Canada Resets Federal Environmental Assessment for Major Project Reviews

Authors: Sarah V. Powell and Alexandria J. Pike

In 2016, the Canadian government launched a formal review of key federal environmental assessment and regulatory processes. Expert panels were established and parliamentary committees engaged to conduct consultations and provide recommendations with respect to the Canadian Environmental Assessment Act, 2012 (CEAA 2012), the Fisheries Act and the Navigation Protection Act, and energy regulation by the National Energy Board (for further details see our bulletin).

This week, the government tabled sweeping legislative changes to enhance key federal environmental protections and clarify the federal environmental assessment process for major projects. In addition to proposed amendments to the Fisheries Act and the Navigation Protection Act, the government has proposed the enactment of the Impact Assessment Act (IAA) to replace CEAA 2012 and the Canadian Energy Regulator Act to restructure the National Energy Board.

As expected, the proposed IAA would shift away from environmental assessment to an expanded impact assessment (IA) regime, which would account for a broader range of environmental, health, social and economic effects of major projects. Relevant factors to be considered would include impact on any Indigenous group and its rights, traditional knowledge of such groups and any assessment of effects by any Indigenous governing body.

The IA process would be centralized under a single agency, the Impact Assessment Agency of Canada (IAAC), which would work with the proposed Canadian Energy Regulator, the Canadian Nuclear Safety Commission and Offshore Boards to ensure that safety and other key regulatory factors are considered part of an integrated IA review. The IAAC would also coordinate an early “planning phase” and engagement process with Indigenous peoples and the public that may, if not properly resourced, present timing challenges to proponents.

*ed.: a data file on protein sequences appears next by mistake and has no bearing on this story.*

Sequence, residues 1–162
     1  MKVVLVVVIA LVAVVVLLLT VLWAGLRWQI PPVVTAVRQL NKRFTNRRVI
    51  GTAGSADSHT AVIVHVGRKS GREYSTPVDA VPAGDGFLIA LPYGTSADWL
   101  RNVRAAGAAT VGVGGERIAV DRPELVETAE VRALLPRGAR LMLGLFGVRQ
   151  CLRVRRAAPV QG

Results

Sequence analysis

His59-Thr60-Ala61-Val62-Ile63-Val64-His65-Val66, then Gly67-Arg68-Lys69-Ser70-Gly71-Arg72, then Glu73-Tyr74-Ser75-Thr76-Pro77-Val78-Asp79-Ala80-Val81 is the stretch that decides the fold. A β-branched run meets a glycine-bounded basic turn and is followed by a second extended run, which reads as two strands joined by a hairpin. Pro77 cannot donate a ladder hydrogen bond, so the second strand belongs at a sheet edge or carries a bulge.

The most significant change in the proposed IAA would be the shift away from decisions based solely on the significance of adverse environmental effects to focus on whether the designated project’s adverse effects are in the “public interest.” This public interest test would require consideration of, among other things, the designated project’s contribution to sustainability, the extent of the adverse effects, the appropriateness of the proposed mitigation measures and the ability of the government to meet its climate change commitments.

As part of this legislative process, the Canadian Environmental Assessment Agency is also seeking public comment by April 15, 2018, on two key proposed regulations under the IAA:

  • a revised “Project List” to identify the major projects to be subject to the IAA. A proposed “criteria-based” approach would revise and periodically update the existing Project List to ensure inclusion of projects with the greatest potential to cause adverse effects in areas of federal jurisdiction; and
  • the Proposed Information and Time Management Regulations to replace the existing regulatory requirements for the description of a designated project (i.e., the information that a proponent is required to provide at the early planning phase to allow Indigenous groups and the public to consider whether they may be affected). The proposed regulations would also outline the criteria for stopping the clock for the statutory timelines.

While the Canadian government states that the IAA would lead to more timely and predictable project reviews and encourage investment in Canada’s natural resources sectors, it remains to be seen whether the proposed IA regime will help to get major projects across the finish line. We will be following the legislative process closely. With considerable public, Indigenous and economic pressures at play, the future of major project development in Canada requires a clear path forward.


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